The problem for the grid operator is that electricity must be provided, no matter the energy costs. Our way of life is dependent on reliable electricity, and not just for air conditioning. Consider the the great blackouts of 1965, 1977 and 2003. The August 14-15, 2003 blackout shut down many cities in the United States and Canada. Cost estimates vary, but the Ohio Manufacturers’ Association (OMA) estimated the direct costs of the blackout on Ohio manufacturers to be $1.08 billion. Numerous large manufacturing plants were shut down for a day. Ontario set asside $75 million to compensate local governments for their blackout related expenses, and lost revenue. Utilities lost between one and two billion dollars, and the total losses for the day long blackout may have been as high as $10 billion. Clearly then the electrical reliability problems which my friend NT experiences in India would not be considered acceptable in the United States.

The baseload issue then is the balance between grid reliability and low electrical cost. If the wind capacity factor were .30 and the capacity factor for nuclear is .90, at least 1000 MW wind farms would be required to produce as much electricity as one reactor 1000 MW reactor. But a wind system with three generator is not likely to be as reliable as the reactor. In Archer and Jacobson suggest that it would take at least five 1000 MW wind farms to begin to approach a reactor's reliability, and that a wind array containing seven wind farms would still not be as reliable as a single reactor. The seriousness of the redundancy problem is illustrated by Peter Hawkins' case study of German wind.
Germany’s 22,000 MW of wind, with a capital cost of about $40 billion, is really effectively a capacity of only about 4,000 MW in terms of production capability. As a result, the wind plants in Germany represent 16 per cent of the total capacity (MW), but only about 5 percent of the electricity production (MWh).
By increasing their wind capacity to 48,000 MW in 2020, the germans hope to be able to increase their wind generated electrical output to 13% of their generation total. But the added 26,000 MWs of wind capacity would cost at least $100 billion. actually it probably would cost more because in order to increase their wind capacity factor, the Germans would be required to build offshore wind generators, and German offshore wind is proving to be as expensive. The German Alpha Venture offshore project has a name plate generating capacity of 60 MW and cost $375 million to build. That is $6.25 watt, a cost that lands German wind squarely in the nuclear cost range for much less reliability and a far shorter life span. But from a carbon reduction standpoint the increase in German wind capacity will not lead to a decrease in German CO2 emissions. At least not if the German Left gets its way and shutdown all German reactors by 2020. The 26,000 MWs of German wind generators would not even begin to approach the displaced electrical generation of German reactors. No wonder German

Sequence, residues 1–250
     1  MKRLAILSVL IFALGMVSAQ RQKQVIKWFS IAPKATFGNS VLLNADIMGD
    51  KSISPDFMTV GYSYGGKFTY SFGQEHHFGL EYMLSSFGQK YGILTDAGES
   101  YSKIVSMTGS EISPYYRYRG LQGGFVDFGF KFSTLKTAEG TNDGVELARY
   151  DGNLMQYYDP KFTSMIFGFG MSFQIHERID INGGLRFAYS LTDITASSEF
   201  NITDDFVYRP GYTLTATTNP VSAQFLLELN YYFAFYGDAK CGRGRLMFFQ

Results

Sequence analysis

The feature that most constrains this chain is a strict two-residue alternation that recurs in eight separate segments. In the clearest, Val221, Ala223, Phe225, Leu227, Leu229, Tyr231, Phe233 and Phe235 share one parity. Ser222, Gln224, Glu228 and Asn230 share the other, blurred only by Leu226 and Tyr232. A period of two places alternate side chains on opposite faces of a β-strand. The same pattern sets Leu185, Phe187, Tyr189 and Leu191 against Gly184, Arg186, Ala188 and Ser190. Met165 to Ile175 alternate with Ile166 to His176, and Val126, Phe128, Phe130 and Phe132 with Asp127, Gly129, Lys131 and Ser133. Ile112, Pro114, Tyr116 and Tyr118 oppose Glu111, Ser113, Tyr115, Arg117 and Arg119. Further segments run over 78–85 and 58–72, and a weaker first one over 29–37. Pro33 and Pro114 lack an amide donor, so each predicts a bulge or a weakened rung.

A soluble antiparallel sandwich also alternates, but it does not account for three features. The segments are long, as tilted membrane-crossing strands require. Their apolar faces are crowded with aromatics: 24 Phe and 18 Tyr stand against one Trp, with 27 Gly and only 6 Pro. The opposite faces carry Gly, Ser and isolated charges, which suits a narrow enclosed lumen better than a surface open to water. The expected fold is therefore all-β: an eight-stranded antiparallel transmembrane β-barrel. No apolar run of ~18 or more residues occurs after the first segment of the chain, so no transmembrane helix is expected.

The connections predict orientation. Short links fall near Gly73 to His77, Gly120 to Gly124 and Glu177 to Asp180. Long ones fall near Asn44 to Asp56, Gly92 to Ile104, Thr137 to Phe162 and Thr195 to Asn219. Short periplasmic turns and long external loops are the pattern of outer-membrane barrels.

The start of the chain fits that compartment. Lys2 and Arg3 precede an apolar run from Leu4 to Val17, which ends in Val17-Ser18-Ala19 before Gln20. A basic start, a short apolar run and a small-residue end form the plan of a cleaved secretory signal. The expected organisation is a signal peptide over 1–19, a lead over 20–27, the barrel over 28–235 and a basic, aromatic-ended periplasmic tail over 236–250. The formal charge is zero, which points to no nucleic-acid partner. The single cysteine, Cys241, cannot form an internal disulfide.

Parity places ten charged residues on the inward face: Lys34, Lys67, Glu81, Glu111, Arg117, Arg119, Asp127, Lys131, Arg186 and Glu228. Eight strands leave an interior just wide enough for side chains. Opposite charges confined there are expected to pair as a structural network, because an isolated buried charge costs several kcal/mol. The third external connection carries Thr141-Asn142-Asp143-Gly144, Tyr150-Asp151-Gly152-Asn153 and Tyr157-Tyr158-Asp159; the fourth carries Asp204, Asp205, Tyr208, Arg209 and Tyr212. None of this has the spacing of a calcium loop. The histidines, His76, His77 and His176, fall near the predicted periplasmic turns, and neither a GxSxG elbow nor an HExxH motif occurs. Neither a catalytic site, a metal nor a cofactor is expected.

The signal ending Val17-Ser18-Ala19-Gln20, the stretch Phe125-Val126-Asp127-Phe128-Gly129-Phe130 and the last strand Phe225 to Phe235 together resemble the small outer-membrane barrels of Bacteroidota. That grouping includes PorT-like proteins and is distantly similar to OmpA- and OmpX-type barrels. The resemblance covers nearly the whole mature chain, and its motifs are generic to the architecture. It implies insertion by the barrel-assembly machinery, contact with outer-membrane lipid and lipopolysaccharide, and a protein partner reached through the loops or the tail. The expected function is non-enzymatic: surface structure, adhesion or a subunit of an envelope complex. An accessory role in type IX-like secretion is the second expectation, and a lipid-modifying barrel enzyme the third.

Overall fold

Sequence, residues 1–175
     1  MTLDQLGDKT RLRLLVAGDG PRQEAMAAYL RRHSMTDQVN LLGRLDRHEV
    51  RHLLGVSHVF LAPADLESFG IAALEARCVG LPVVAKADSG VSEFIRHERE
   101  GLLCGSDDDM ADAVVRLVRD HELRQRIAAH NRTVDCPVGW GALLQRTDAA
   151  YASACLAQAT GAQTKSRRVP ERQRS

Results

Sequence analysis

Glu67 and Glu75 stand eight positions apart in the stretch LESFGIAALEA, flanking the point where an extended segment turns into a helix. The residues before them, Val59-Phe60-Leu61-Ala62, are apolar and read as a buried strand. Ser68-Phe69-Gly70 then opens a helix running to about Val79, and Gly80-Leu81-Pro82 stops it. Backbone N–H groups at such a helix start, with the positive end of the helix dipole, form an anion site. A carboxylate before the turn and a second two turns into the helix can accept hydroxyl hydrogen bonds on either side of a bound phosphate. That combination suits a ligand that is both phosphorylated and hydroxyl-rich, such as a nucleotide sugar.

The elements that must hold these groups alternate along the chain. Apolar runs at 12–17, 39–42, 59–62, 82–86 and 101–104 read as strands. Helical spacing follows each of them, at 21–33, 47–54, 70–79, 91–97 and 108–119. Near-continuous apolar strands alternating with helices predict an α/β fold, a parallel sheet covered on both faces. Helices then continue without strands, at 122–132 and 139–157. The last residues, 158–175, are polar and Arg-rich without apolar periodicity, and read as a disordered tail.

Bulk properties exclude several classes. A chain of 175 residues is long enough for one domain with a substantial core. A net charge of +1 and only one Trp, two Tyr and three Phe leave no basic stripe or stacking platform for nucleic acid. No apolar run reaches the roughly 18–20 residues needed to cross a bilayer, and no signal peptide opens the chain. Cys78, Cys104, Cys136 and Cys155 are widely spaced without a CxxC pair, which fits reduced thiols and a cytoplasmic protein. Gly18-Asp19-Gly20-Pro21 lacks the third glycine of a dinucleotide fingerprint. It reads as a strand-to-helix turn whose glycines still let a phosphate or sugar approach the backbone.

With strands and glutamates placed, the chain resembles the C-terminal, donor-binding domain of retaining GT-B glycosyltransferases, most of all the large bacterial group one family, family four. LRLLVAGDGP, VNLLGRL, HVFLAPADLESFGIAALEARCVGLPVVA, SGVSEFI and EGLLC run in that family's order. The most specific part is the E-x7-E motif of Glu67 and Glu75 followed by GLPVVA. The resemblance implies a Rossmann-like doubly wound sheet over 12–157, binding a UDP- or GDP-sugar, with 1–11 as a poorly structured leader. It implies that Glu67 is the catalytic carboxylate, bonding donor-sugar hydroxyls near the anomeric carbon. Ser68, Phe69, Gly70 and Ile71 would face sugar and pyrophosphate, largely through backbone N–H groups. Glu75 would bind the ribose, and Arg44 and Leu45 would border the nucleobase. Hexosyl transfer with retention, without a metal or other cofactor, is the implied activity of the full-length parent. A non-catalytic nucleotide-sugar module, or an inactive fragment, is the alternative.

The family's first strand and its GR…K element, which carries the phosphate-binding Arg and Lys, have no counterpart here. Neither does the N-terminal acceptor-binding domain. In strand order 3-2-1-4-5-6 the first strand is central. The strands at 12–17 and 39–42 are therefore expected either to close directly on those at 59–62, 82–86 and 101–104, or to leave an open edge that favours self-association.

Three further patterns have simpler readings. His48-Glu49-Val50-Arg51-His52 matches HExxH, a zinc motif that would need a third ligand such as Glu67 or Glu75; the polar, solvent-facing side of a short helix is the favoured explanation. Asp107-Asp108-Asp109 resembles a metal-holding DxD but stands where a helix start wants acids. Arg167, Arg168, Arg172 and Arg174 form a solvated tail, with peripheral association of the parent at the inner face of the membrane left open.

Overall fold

wind integration study, which covers the period to 2020, did not project CO2 emissions beyond 2015.
The shutdown of German reactors would increase absolute amount of CO2 emitted in the generation of German electricity, That does not really matter to German Greens, whose insane hostility to nuclear power knows no bounds. The Greens would clearly prefer to destruction of human life on this planet to the toleration of nuclear power.